Our strange “cab” ride started at Eataly. You may have visited one of their five outposts in the US. Earlier this year I walked into the one in Chicago. It was…okay. Maybe that’s a contrarian opinion because lots of people swoon over the place, but I’m happy to stand by it.

Eataly in Turin was completely different.

It’s the original, and is next door to 8 Gallery, a former FIAT factory that’s home to hotels, restaurants and a shopping mall. 8 Gallery has a rooftop test track that was a minor setting in the original Italian Job.

After visiting the gallery and walking a lap of the track, we were ready for lunch and went next door to Eataly where we were greeted by a woman sampling sparkling wines. She wanted our opinion about two wines–which did we prefer? We agreed that we liked a more complex, bolder wine she had offered us. “Bene!” she cried, and let us know that we were absolutely right. She might be selling two different wines, but only one was worth our time and she wanted us to know the difference.

Okay, if you haven’t experienced Eataly, it’s important to know that each store includes several restaurants that serve specific types of food–fish, meat, pasta, pizza, and so on. We opted for pasta. In my case, a giant bowl of spaghetti al pomodoro with buffalo mozzarella. Everything, including the cheese, had been produced within a hundred feet of our table. I washed it down with a bottle of acqua frizzante and a glass of red wine.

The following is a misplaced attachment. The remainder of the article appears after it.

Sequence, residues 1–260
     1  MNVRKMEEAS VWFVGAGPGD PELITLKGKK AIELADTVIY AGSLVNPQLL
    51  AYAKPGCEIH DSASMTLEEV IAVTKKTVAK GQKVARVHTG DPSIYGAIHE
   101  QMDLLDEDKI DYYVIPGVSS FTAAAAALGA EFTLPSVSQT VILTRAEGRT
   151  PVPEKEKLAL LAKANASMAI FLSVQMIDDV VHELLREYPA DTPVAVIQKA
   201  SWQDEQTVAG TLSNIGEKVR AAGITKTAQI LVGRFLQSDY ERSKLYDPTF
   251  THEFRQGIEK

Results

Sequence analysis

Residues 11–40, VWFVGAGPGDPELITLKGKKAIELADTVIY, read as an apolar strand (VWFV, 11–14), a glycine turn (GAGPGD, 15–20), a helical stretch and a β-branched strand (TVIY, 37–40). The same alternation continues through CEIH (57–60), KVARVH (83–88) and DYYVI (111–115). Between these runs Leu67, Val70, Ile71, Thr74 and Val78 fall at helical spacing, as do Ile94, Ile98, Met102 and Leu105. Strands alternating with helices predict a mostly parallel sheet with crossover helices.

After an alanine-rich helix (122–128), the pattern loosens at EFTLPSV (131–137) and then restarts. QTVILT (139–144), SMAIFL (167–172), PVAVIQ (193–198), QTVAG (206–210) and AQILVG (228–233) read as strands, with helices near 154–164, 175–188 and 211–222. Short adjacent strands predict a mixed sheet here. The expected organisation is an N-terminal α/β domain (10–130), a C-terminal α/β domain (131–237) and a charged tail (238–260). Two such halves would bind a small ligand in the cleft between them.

This was our first of two trips to Eataly that day. After lunch we visited the Museo dell’Automobile and saw a biennial exhibition that had just opened. Then we walked back to Eataly to shop and have a drink.

Our second stop was much longer. We bought risotto and olive oil for the local charity drive, lavender dog biscuits for Ben and Rox, and other odds and ends. We paused at an enoteca (wine bar) while making plans for that evening.

It was time to get a cab.

We exited Eataly and were met by a young, well-dressed guy who asked, “Can I give you a ride anywhere in the city?” He pointed us toward a line of new Renault SUVs, and explained that Renault and Eataly had teamed up for a promotion. The ride was on them.

Ten euros (the cost of cab fare) is ten euros, so we hopped in.

And so a few minutes later I was consulting online maps and looking for landmarks I recognized. “This is my first time doing this job,” said our driver. “I know your address. My girlfriend lives two blocks from there.”